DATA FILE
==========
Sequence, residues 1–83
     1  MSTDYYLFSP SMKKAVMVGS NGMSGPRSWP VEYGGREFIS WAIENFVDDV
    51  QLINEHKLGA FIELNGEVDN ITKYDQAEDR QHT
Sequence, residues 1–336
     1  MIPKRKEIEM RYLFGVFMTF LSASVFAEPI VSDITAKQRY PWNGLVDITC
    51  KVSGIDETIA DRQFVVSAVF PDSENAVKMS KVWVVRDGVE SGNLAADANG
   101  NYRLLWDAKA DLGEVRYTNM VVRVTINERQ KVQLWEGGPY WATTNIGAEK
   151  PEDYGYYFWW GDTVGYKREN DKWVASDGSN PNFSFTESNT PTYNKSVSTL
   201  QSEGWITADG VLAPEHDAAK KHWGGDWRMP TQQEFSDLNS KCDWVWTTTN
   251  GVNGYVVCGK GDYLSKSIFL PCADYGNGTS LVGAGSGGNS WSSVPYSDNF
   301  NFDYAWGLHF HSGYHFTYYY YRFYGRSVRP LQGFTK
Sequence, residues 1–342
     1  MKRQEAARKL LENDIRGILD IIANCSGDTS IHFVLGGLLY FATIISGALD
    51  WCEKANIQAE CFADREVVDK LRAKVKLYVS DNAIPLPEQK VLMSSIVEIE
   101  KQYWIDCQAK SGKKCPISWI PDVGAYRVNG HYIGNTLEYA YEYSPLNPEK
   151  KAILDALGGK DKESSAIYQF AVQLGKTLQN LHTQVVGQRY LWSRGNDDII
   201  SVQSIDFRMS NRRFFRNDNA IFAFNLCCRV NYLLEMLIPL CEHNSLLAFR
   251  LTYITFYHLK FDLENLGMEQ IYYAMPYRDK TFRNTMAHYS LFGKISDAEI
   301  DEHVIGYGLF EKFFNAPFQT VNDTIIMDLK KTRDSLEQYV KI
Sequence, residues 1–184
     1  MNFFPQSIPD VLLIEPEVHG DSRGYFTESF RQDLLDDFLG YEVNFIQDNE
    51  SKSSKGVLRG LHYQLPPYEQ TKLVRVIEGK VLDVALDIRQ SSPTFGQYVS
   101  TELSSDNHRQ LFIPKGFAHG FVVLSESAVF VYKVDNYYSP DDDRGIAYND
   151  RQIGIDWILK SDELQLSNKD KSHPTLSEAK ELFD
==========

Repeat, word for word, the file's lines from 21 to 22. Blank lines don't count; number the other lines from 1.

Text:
     1  MNFFPQSIPD VLLIEPEVHG DSRGYFTESF RQDLLDDFLG YEVNFIQDNE
    51  SKSSKGVLRG LHYQLPPYEQ TKLVRVIEGK VLDVALDIRQ SSPTFGQYVS